5 Ways to Boost Your Popularity When Assisting a Blind Customer

Woman touching handbag
Woman touching handbag. Harry Williamson/Spring Studio

If you have ever been caught with a sense of anxiety or dread, not knowing how to best assist a shopper who is blind or visually-impaired when they come into your retail store, take heart, you are not the only one.

It is curious that as soon as a white cane or guide dog appears in a store, the atmosphere can change. You might think an alien of some kind had landed, and in a funny way, for some sighted people who haven’t met a blind person before, it can feel as if we are both on different planets.

Usually,  lending your assistance to your shoppers isn’t a difficult task but sighted people seem to freeze up as soon as a person with low vision enters the store, they can either over-compensate by being too eager to help or, sad to say, act insensitively by using visual cues.

How to Get on the Same Planet

OK, so a blind or visually-impaired person – with the obvious  white cane or guide dog – has just entered your store. What do you think you would do?

a)      Greet them naturally, in a friendly tone as you would any other customer?

b)      Find out if they require assistance and in what way you can help?

c)      Offer sound advice and more information to help them decide on a purchase?

Yes, these are all correct ways to care for your customers.

Just like sighted shoppers, blind and visually-impaired people arrive in your store with exactly the same expectations – and that is, to have a positive retail experience.

So, having established that we are actually all on the same planet, sharing more in common than you may have considered previously, there are 5 things you can do to boost your popularity even more in the eyes of your blind customers.

5 Tricks of the Trade

1: Ask if you can assist.

This may sound obvious but it truly helps relieve anxiety when you use a friendly approach and are clear with your communication.

Make sure, however, that you don’t suddenly spring up from behind a clothing rack or nod your head from behind a counter. We need to know there is a person waiting to listen to our request or hear you coming before you arrive at our side.  

2: No Grabbing Allowed!

When you inquire further about the best way to show them around the store, for example by asking if they would like to follow you or if they prefer tactile assistance, give your customer with low vision time to show you their preference.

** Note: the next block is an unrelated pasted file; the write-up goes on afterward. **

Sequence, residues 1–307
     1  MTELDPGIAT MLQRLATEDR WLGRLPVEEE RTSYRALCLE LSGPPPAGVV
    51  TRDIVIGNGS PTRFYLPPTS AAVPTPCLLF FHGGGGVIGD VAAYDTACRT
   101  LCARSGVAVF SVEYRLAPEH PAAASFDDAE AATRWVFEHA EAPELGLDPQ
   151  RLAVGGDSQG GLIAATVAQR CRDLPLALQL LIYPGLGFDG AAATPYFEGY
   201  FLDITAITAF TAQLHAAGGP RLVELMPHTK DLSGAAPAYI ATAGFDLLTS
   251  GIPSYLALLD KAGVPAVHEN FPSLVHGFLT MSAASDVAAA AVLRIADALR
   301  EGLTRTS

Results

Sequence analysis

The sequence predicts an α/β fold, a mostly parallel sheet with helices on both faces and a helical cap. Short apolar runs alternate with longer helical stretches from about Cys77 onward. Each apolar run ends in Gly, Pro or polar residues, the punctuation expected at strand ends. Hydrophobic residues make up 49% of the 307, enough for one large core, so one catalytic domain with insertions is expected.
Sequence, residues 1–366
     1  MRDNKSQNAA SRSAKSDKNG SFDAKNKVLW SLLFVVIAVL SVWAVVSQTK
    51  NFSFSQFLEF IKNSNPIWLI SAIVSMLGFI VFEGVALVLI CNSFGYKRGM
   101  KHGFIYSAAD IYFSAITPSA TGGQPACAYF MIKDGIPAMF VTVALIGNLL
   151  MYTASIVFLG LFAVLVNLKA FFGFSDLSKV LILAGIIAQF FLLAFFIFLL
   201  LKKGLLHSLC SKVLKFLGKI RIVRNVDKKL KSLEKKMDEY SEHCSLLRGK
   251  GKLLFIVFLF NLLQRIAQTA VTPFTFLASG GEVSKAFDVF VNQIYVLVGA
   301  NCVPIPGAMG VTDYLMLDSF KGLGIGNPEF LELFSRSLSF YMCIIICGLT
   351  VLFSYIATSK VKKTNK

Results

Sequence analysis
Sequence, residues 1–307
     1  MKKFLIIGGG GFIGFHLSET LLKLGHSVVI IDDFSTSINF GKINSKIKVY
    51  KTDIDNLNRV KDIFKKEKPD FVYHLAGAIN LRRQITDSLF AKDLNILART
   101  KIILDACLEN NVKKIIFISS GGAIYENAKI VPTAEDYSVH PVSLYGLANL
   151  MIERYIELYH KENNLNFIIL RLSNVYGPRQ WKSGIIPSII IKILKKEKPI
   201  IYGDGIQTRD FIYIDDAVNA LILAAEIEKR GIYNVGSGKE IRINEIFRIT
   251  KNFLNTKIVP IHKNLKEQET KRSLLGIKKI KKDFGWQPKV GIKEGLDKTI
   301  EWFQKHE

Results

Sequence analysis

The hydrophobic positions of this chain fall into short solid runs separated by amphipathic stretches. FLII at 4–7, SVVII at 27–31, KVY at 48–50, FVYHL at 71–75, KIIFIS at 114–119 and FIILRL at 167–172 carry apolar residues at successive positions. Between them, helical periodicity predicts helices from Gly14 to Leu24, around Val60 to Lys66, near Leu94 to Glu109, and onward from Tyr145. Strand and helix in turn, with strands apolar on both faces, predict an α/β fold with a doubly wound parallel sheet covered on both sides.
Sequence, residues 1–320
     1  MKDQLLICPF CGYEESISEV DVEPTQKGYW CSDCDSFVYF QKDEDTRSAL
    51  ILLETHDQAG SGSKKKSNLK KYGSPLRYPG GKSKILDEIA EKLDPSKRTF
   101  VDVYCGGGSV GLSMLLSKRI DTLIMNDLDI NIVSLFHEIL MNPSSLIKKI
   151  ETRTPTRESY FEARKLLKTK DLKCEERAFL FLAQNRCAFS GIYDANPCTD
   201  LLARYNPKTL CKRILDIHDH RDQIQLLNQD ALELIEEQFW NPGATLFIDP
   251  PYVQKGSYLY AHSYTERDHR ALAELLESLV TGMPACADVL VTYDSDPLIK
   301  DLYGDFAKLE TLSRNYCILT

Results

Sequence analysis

Not everyone uses the same method and you certainly don’t want to clutch at them like a handbag.

You must also resist the urge to grab their white cane to lead the way through a narrow gap – this is the equivalent of removing your customer’s glasses without their permission. It is extremely upsetting for the person with low vision when people do this. If this happens to me, I let go of the cane and then they realize they are holding it!

Better to read up on the ‘sighted guide practices’ and spread the word to other staff in your store.

3: No Patting a Guide Dog – ever.

Yes, guide dogs are adorable but they are also on duty. You wouldn’t go up to pat a policeman’s dog, so remember that both are doing a service for their handlers.

Ignoring a guide dog when in harness helps your customer to retain their dog’s attention. Even though you may think the dog is not doing anything, it is actually waiting for its next command.

Also, a guide dog is always on the left hand side of their owner so whenever you are walking with the person, you need to be on their right hand side.

4: Speak naturally.

The shopper with low vision may require to see things through your eyes such as reading price tags and clothing sizes. A subtle tone is appreciated and there is no need to raise your voice, because the majority of blind and visually-impaired people are not deaf as well.

5: Don’t hover unnecessarily.

If your blind customer says they are happy to continue browsing, allow them this pleasure. They have their ways and techniques and often they like to casually feel items.

Not all touching demonstrates an urge to buy; it may simply be prompted by a desire to know what is available in the retail world.

Do these 5 things the next time a person with low vision shops in your retail store and not only will you feel your popularity soar to new heights but your confidence in knowing the tricks of the ‘blind trade’ will put you a clear cut above the rest.

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